A 61-year-old Chinese female with a history of hypertension, hyperlipidemia, asthma, and gastroesophageal reflux disease presented with four days of chest pressure that radiated to her left arm and jaw. On exam, her vital signs were within normal limits and cardiac and pulmonary exams were unremarkable. Her initial electrocardiogram (ECG) demonstrated ischemic ST segment depressions in leads II, III, and aVF; her first troponin I was elevated at 2.3 ng/mL (normal <0.05 ng/mL) and peaked at 6.8 ng/mL. She was given sublingual nitroglycerin and metoprolol, which controlled her symptoms, and she was started on a heparin infusion to prevent further ischemia. The patient’s medications included: amlodipine was notable for the following daily medications: amlodipine 5 mg, olmesartan 20mg, atorvastatin 20mg, esomeprazole 20mg, montelukast 10mg, and mometasone 110mcg twice daily. Her family history was significant for a brother who had a coronary stent placed at age 57. She denied drug, tobacco, or alcohol use. She was non-English speaking, and immigrated to the United States from China five years ago.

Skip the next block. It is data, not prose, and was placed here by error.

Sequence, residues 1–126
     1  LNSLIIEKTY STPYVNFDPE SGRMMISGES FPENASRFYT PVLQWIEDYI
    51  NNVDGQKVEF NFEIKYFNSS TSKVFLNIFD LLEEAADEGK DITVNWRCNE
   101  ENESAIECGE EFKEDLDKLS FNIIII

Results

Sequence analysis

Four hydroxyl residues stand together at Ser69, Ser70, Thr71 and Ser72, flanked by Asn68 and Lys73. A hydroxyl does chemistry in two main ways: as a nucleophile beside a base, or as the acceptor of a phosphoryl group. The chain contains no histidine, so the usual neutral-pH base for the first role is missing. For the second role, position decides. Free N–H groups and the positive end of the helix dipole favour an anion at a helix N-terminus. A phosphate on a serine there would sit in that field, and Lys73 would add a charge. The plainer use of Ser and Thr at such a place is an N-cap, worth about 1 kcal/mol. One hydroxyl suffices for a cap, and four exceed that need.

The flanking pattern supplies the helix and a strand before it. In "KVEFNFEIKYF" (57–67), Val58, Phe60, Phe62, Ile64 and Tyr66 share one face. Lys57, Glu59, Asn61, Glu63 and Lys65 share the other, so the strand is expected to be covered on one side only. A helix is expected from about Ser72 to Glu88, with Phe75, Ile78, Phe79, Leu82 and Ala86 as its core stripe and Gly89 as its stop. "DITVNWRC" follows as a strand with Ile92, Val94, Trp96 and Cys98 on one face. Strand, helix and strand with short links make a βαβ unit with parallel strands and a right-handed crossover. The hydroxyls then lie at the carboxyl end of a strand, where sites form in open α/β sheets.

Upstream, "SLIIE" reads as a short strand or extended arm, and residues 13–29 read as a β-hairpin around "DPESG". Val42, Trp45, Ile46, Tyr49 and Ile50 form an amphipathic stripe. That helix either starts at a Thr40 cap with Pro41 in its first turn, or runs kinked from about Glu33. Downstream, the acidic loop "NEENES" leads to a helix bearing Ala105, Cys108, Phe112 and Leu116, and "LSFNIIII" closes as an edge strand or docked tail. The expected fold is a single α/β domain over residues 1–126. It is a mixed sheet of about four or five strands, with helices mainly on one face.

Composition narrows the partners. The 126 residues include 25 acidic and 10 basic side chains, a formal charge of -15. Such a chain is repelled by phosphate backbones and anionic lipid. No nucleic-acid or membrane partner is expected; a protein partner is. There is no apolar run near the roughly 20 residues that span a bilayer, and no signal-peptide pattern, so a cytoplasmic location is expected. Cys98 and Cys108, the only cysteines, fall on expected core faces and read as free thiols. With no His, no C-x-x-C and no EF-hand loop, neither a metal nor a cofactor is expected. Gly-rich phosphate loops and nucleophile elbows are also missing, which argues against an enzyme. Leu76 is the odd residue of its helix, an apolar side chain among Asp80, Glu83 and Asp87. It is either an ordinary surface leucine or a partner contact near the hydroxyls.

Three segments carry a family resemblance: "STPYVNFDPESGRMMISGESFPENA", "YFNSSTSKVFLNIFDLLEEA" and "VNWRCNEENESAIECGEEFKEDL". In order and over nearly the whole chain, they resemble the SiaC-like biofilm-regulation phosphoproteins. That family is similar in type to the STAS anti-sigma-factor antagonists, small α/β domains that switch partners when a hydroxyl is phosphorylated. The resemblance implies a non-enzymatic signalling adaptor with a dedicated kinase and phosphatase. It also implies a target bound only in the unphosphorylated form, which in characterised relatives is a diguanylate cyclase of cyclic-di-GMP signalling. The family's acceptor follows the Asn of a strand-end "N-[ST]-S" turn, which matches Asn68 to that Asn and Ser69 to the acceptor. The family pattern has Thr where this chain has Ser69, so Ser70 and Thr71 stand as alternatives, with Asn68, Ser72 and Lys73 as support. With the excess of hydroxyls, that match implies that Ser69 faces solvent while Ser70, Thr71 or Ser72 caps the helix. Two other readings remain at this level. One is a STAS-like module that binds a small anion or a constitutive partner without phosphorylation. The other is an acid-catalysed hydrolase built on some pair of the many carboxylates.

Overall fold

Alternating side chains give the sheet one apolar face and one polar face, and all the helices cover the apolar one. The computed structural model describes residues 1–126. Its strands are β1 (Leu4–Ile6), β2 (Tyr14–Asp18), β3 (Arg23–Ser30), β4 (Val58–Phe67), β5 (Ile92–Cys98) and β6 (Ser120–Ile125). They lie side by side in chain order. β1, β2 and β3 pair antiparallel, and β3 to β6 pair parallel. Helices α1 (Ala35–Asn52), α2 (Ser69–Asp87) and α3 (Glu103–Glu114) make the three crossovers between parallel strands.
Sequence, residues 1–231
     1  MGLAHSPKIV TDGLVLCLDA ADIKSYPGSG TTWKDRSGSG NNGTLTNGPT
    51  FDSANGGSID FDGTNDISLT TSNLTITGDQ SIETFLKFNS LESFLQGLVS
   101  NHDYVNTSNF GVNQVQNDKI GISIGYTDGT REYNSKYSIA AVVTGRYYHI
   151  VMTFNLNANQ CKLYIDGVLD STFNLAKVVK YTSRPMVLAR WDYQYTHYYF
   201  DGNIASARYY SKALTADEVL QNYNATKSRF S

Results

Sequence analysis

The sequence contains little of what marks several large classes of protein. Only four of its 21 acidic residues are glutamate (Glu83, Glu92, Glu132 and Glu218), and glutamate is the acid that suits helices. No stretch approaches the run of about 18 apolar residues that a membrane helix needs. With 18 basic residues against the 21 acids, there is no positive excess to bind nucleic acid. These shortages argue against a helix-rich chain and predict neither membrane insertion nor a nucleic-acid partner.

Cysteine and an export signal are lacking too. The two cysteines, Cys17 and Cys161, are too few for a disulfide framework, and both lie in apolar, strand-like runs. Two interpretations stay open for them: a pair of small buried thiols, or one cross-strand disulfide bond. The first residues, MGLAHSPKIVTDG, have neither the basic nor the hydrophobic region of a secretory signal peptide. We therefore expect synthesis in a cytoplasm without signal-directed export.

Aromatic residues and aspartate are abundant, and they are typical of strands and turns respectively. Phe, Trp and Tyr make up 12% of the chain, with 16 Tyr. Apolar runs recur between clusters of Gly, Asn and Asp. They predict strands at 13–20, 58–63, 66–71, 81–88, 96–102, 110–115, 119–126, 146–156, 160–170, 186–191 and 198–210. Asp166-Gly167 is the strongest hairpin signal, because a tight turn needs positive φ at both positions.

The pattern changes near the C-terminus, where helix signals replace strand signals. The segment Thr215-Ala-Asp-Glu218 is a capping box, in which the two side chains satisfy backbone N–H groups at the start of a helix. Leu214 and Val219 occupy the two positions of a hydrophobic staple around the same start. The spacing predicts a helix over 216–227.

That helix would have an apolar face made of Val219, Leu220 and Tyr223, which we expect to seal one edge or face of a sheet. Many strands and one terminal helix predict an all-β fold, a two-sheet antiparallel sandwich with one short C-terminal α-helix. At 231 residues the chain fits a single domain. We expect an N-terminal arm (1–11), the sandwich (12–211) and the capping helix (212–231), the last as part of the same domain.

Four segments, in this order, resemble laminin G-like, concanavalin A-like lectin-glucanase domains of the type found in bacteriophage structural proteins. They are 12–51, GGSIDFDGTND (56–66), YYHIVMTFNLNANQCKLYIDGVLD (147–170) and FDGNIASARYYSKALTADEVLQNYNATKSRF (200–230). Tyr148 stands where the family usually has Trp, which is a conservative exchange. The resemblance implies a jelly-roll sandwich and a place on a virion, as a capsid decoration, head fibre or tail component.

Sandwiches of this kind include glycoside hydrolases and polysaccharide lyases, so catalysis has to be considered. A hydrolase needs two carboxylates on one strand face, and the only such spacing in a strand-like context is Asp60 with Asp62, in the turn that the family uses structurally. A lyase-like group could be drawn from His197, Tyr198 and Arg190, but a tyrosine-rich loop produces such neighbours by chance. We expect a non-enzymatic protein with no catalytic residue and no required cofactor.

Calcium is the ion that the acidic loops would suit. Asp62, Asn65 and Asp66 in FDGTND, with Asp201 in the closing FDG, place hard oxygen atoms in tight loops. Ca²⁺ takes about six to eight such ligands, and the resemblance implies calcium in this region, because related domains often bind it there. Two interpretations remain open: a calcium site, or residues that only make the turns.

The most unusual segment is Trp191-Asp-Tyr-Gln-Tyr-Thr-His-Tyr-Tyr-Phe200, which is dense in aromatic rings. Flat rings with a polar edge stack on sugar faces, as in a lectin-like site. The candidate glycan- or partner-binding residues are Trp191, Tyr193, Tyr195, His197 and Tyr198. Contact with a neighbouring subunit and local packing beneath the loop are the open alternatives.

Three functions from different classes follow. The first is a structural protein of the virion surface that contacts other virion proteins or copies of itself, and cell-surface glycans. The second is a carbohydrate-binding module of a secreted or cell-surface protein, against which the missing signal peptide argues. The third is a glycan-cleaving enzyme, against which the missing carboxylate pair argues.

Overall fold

Shah, MD, Paurush; Shah, MD, Gunjan; Chandra, MD, Avinash; Lee, MSIV, Lawrence; and Marhefka, MD, Gregary
"Non-ST Elevation MI as a Unique Presentation of Angioimmunoblastic T-cell Lymphoma,"
The Medicine Forum:
Vol. 13, Article 6.
Available at: http://jdc.jefferson.edu/tmf/vol13/iss1/6